The Top 10 Best Scooters

‘Scooters’ doesn’t just mean Vespas and Lambrettas, for the most part, it means 125cc (or equivalent) commuters that are both brilliantly practical and among the most popular two-wheelers of all – but which are the 10 best?

Yamaha XMAX 125
Yamaha XMAX 125

A 'scooter' no longer means mods and rockers' Lambrettas and Vespas – in fact, it hasn’t done for many years. Nor does it mean 300cc ‘maxi-scooters’ such as Yamaha’s TMAX which, although impressive performers, can often cost £10K+. We've rounded up the best maxi scooters elsewhere, in case that's what you're after. No, instead, by far the most popular form of scooter is the modern 125cc (or equivalent) automatic commuter that can be one of the most affordable – and effective – of all forms of transport.

 

With simple twist ‘n’ go transmissions, useful underseat luggage compartments, some weather protection, usually low prices (both to buy and run) and, probably most conveniently of all, their A1-licence compatibility, which means they can be ridden on the road with little more than a CBT certificate, A1 class scooters make the most accessible, affordable and often convenient commuters of all.

 

What’s more, they don't need to just be basic transport. Some are ultra cheap, costing little more than £1000. Others are battery-powered, meaning they cost virtually nothing to run and are fully ULEZ-compliant. More than a few have modern luxuries such as Bluetooth compatibility and ‘start-stop’ functions. Others still are stylish design or fashion statements in their own right, while more than one is now available as a leaning three-wheeler!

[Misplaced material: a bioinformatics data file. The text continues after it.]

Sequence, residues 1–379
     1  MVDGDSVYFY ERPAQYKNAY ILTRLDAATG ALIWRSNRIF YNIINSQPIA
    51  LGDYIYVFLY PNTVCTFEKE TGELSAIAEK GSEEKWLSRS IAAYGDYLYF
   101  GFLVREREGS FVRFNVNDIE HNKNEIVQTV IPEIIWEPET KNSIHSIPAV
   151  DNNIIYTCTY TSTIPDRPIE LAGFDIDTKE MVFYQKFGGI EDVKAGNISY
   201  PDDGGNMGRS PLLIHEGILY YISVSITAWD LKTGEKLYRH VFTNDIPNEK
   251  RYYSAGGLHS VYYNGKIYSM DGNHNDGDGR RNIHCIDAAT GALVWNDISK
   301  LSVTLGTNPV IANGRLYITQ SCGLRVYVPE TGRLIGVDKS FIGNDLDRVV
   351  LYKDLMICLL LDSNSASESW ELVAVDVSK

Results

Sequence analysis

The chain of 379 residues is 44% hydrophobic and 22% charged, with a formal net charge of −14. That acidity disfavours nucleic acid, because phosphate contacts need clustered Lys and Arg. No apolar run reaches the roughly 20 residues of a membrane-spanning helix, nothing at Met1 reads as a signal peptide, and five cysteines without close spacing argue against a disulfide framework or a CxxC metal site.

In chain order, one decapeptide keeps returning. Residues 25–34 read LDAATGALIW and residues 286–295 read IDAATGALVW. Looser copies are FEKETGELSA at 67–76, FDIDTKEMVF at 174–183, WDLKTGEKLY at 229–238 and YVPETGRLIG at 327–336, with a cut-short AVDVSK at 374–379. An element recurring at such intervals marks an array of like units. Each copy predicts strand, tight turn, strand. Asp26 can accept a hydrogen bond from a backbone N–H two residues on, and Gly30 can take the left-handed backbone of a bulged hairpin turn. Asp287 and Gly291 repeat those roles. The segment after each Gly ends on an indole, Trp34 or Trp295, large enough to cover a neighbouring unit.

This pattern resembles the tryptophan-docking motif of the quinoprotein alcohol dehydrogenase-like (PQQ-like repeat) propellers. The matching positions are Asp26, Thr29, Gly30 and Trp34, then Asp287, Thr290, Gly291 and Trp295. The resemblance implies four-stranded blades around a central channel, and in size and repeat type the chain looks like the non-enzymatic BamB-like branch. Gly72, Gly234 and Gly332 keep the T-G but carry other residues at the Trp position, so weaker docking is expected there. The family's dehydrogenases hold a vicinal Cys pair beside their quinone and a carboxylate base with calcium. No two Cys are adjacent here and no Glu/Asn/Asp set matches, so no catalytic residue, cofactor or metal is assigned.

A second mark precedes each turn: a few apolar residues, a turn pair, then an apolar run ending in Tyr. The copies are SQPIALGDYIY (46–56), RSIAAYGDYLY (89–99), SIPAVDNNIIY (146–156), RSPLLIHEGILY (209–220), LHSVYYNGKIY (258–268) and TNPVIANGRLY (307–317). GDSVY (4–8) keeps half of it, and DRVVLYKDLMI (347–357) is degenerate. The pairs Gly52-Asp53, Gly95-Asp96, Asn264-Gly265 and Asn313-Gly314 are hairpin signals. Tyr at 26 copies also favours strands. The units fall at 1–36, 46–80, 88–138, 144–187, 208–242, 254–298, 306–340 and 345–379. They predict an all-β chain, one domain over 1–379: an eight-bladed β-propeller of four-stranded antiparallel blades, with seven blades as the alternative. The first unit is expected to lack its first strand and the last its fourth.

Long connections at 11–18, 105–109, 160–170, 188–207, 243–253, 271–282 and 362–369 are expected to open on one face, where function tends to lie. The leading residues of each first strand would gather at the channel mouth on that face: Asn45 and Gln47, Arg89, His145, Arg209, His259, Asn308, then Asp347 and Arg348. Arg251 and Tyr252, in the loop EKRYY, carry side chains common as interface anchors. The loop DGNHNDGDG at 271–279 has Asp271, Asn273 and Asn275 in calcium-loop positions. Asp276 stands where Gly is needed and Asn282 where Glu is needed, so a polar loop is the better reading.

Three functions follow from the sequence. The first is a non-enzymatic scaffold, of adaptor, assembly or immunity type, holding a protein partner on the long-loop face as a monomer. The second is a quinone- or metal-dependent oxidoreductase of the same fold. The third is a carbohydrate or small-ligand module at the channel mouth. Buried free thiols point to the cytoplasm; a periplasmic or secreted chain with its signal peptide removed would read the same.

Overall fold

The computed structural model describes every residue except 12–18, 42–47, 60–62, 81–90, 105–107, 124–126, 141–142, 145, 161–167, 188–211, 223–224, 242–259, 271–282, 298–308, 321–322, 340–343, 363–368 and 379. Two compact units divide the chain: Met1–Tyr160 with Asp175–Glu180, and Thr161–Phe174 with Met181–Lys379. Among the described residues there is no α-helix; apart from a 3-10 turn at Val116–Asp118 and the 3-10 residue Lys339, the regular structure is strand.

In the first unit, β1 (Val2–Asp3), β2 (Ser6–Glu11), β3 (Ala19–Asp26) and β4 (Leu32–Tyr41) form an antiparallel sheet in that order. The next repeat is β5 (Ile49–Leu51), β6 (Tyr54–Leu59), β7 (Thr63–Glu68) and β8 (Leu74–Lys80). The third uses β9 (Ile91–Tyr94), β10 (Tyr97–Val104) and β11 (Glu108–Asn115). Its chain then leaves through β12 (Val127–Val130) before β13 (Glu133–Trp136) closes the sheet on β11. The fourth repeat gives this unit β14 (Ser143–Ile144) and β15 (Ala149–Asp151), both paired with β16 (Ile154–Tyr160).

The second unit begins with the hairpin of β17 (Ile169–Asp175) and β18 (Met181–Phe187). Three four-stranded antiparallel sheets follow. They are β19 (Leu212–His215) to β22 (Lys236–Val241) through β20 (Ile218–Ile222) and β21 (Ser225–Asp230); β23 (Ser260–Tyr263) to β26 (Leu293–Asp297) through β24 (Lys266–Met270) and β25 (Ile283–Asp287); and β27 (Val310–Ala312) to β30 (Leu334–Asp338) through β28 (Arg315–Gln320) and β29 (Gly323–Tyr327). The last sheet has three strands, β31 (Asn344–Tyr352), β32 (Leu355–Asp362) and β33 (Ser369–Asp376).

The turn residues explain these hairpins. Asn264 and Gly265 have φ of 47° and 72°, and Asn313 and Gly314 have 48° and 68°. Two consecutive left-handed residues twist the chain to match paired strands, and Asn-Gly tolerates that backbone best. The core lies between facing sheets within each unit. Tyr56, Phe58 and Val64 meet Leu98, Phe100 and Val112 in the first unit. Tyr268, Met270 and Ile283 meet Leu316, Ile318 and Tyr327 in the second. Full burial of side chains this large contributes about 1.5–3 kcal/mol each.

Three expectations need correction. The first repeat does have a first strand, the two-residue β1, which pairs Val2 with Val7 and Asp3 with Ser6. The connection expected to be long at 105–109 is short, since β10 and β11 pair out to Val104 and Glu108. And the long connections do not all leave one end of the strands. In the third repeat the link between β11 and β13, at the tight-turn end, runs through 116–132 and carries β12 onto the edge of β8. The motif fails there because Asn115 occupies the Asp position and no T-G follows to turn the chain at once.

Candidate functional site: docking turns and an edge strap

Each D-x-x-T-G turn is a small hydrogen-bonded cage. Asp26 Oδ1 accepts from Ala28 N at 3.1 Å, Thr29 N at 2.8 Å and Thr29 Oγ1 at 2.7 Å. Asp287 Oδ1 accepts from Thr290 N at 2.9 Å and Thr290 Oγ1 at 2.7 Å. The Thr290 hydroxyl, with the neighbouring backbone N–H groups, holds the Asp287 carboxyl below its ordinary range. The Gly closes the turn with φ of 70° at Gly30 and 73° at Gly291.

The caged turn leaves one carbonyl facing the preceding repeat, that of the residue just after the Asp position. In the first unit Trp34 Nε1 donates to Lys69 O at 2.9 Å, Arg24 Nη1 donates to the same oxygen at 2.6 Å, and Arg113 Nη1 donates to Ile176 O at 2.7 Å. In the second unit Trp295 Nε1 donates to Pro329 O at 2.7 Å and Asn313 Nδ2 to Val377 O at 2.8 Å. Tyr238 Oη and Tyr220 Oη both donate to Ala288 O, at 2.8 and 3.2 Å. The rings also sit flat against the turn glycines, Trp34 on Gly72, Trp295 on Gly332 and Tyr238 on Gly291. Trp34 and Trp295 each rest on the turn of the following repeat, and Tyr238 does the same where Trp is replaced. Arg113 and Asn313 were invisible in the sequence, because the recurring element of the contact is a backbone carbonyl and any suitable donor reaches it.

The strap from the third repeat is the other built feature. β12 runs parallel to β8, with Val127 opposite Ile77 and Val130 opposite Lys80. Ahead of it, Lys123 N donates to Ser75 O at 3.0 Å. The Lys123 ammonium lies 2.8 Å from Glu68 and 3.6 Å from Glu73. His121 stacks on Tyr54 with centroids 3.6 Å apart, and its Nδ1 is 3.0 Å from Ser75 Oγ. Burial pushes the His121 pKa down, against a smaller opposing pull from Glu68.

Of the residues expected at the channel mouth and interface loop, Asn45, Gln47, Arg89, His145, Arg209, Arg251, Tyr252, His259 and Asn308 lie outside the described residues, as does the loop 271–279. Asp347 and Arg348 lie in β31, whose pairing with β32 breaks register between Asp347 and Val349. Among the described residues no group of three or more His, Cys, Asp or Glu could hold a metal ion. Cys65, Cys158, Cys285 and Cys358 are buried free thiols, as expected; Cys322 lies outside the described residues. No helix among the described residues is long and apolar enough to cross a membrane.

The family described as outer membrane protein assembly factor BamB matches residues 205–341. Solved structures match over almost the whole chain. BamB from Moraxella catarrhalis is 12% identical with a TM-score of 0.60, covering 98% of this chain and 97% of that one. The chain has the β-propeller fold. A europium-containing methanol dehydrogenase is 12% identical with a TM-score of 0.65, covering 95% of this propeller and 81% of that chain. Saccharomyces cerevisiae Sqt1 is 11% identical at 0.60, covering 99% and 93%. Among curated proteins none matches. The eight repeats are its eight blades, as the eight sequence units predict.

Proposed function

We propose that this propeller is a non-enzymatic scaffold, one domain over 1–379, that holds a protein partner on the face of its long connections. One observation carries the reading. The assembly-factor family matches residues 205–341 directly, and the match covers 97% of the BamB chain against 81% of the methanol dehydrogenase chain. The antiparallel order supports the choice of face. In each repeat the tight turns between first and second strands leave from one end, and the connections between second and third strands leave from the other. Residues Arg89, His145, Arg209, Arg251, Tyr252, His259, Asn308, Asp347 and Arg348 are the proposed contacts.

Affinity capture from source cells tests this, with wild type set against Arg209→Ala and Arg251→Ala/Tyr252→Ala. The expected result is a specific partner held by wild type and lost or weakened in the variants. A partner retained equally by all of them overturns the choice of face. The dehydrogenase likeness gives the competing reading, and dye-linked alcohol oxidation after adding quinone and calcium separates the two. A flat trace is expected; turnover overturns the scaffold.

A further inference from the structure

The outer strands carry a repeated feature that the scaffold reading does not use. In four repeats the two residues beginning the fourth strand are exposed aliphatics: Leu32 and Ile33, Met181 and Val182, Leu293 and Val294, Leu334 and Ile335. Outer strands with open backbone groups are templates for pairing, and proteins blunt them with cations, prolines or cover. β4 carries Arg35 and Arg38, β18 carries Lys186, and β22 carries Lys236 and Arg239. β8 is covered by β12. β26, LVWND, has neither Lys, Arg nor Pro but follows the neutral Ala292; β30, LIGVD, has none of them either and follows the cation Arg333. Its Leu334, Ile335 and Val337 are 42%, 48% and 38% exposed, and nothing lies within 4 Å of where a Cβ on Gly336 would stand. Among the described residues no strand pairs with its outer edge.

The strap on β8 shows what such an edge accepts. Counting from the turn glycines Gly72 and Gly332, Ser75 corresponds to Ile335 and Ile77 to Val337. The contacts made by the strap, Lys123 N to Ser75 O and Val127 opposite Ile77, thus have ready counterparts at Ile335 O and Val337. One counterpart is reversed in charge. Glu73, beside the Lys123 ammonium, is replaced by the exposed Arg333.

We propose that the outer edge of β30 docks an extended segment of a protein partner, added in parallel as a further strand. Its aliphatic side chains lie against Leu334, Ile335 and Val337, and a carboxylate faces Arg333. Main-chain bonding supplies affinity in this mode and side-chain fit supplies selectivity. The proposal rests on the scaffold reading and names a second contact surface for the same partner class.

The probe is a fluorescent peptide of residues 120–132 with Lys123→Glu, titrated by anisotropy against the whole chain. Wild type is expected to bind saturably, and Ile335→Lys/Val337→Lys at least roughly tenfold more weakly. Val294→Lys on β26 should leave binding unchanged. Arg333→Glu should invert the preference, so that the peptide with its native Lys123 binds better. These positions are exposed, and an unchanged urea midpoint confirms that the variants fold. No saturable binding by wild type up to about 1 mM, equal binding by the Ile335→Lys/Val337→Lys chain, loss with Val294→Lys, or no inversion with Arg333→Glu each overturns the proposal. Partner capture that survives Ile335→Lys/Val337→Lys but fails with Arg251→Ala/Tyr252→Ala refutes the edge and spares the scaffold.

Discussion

But what’s currently out there and which are the best of each type? We decide in our Top 10 best (125 equivalent) scooters of 2024, in price ascending order…

 

 

10. Lexmoto Titan – the UK’s cheapest, from £1,679.99

Lexmoto Titan 125 - side
Lexmoto Titan 125 - side

Lexmoto is one of the best-known – and most popular – Chinese-built lightweight scooter and motorcycle brands in the UK. And ‘Chinese-built’ usually means one thing – cheap.

 

Lexmoto’s 50cc Echo, at just £1,449.99, remains the UK’s best-selling ‘moped’ while, in the 125cc class, of seven different models, its Titan is also currently the cheapest petrol driven 125cc scooter available in the UK. And, when you’re 17, and having to also pay for fuel, insurance, CBT, clobber and more, cheap can be very tempting indeed.

 

The Titan is the successor to Lexmoto’s previous best-selling FMS 125 and has far more spec, style and ability than you might expect. There’s a Euro5-compliant, fuel-injected, single-cylinder engine producing 7.2bhp at 7500rpm, making it good for around 55mph. It’s smartly styled, has a front disc brake with combined braking, underseat storage and adequate clocks. Sure, it’s not the fastest, best handling or has the build quality and features of the best from Honda and Yamaha, but for the price, it’s a great value and adequate runabout.

 

 

9. Piaggio Liberty 125 – the best ‘big wheeler’, from £2,650

Piaggio Liberty 125
Piaggio Liberty 125